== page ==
- Custom scripts can be created to generate reports that matter to the advertiser. These could range from keyword performance reports to cost analysis and more. (e.g. Reporting + GPT script)
- Scripts can help automatically adjust campaign budgets based on performance or external factors like seasonality.
Keyword and ad management
- Scripts can add, pause, or remove keywords or ads based on certain conditions, like performance metrics. (e.g., Script to create RSAs with GPT)
Alerts and notifications
- Advertisers can create scripts to alert them about significant changes or potential issues in their account.
These applications of scripts enable advertisers to streamline their operations, focusing on strategic tasks while the scripts take care of these routine activities.
Why the addition of the ‘mutate’ capability in scripts is a game changer
Historically, the Google Ads API has been a stronghold of tool developers, large in-house ad teams, and those with a more profound technical prowess.
Interfacing with the API required a myriad of technical intricacies, including authentication, managing developer tokens, and other nuances not directly tied to ad management.
However, with the recent updates to scripts, the Ads API is no longer the exclusive domain of seasoned developers.
The new capabilities of Google Ads Scripts pave the way for advertisers to transcend the limitations of what was directly supported by the scripts, giving them unprecedented access to the API’s capabilities.
Because scripts handle the technicalities of authentication, tokens, and server management, marketers can focus on what they do best: optimizing ad campaigns and creating value for their brands.
And now, the types of optimizations they can do with scripts are much more extensive.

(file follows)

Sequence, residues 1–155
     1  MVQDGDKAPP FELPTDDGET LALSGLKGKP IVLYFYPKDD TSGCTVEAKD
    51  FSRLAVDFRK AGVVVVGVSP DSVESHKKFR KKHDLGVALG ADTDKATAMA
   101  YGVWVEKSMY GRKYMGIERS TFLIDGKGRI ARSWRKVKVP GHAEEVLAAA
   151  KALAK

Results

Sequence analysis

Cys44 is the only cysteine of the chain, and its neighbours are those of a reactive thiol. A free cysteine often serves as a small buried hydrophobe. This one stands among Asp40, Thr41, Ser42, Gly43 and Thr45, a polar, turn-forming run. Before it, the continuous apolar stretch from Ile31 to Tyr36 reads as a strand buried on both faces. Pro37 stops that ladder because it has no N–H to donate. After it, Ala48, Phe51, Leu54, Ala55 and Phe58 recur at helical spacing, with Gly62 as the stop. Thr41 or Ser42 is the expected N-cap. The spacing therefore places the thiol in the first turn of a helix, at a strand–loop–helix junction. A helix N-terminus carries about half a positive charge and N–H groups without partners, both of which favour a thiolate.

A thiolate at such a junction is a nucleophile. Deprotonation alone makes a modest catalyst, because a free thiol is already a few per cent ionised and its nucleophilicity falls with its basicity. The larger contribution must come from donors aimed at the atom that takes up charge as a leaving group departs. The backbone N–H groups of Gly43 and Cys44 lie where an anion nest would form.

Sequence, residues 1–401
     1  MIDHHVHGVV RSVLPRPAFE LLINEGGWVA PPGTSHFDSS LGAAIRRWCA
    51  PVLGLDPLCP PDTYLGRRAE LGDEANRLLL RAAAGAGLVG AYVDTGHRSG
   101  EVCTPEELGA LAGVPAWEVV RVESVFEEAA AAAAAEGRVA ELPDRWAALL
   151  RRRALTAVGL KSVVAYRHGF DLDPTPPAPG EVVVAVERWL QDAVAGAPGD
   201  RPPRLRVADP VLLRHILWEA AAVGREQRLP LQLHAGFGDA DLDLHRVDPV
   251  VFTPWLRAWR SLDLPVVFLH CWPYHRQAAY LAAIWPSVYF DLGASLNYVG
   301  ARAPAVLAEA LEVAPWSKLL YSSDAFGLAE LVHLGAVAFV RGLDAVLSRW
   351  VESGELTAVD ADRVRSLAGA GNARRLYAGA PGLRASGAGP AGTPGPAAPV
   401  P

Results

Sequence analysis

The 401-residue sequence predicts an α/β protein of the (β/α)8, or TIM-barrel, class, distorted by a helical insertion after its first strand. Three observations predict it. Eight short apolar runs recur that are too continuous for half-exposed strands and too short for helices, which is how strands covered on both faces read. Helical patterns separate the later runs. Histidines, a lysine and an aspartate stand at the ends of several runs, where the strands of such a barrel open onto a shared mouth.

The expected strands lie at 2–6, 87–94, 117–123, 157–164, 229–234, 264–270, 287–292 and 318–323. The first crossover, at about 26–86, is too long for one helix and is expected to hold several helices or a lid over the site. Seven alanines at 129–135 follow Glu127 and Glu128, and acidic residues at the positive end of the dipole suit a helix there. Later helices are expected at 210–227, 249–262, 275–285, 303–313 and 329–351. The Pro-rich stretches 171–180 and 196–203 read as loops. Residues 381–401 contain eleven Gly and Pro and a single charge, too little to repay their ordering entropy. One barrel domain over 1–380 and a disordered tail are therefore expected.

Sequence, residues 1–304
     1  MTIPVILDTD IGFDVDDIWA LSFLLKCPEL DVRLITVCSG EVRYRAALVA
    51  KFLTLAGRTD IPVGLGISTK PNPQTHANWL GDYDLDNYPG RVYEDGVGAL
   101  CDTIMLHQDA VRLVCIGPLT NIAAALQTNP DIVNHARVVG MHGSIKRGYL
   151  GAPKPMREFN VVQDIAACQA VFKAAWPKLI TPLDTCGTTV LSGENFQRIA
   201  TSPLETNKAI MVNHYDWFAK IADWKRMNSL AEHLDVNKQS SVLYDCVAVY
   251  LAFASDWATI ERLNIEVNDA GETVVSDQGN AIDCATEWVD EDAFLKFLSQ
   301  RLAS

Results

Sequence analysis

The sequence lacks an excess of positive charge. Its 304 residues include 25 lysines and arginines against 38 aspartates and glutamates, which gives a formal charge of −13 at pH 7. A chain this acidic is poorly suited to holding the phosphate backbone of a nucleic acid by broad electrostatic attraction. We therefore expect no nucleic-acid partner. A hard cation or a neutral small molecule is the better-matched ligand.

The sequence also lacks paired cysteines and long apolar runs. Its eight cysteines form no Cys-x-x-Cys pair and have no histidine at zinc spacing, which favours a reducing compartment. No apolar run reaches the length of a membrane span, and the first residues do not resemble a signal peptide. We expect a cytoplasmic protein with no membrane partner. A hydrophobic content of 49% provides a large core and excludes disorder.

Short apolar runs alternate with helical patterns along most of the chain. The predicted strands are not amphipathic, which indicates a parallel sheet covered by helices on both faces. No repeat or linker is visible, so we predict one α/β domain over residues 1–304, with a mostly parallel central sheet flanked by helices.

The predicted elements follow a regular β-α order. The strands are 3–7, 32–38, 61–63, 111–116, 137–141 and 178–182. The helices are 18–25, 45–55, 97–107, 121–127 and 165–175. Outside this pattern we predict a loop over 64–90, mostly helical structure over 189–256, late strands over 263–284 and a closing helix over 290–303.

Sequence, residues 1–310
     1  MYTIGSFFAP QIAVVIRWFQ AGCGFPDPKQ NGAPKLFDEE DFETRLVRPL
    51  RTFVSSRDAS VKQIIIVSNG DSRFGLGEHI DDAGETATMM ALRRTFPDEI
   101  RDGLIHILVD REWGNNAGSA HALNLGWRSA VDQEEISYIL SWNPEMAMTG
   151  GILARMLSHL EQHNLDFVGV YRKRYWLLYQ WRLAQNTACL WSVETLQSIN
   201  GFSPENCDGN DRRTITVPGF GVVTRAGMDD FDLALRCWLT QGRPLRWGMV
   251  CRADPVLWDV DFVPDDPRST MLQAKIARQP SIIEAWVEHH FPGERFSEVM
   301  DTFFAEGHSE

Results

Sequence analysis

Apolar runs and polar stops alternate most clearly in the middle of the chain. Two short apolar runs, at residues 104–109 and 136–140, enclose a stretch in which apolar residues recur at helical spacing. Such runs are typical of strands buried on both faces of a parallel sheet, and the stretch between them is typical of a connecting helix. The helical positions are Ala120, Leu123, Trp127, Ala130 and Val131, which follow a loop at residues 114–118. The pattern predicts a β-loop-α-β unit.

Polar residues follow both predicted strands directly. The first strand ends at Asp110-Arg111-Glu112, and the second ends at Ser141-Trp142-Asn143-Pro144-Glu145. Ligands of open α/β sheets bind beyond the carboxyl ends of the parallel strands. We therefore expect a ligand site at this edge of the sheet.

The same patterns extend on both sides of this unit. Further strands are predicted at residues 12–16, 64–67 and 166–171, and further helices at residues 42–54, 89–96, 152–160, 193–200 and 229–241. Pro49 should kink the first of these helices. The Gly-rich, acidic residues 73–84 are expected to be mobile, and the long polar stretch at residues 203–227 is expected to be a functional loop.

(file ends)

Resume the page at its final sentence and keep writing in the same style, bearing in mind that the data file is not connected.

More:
What does the ‘mutate’ function do?
The mutate capability is a big improvement for scripts users because of its breadth and depth of capabilities.
This feature facilitates most resource modifications, be it creating, updating, or removing things from an ads account.
Here’s a closer look at each one:
The “create” operation is all about giving life to new entities within Google Ads.
Users provide a full JSON representation of the resource they intend to create.
Upon a successful API call, the system response includes the name of the freshly minted object, which can then be further worked with.
Updating existing resources
The API’s “update” operation brings an intuitive approach to making modifications.
Users can perform sparse updates instead of reiterating every detail about a resource.
This means pinpointing only the fields they want to be changed.
The use of the
updateMask attribute allows for this selectivity, ensuring that only specified fields are altered, which becomes especially handy when dealing with objects like campaigns with many settings.
For instance, changing the name and status of a campaign can be done easily without having to know or affecting its other attributes.
Sometimes, decluttering and simplifying are just as vital as creating and updating.
The “remove” operation in the mutate function is geared for this purpose. It doesn’t permanently delete an object but changes its Google Ads status to “
Another benefit of the “mutate” function is its ability to bundle these operations.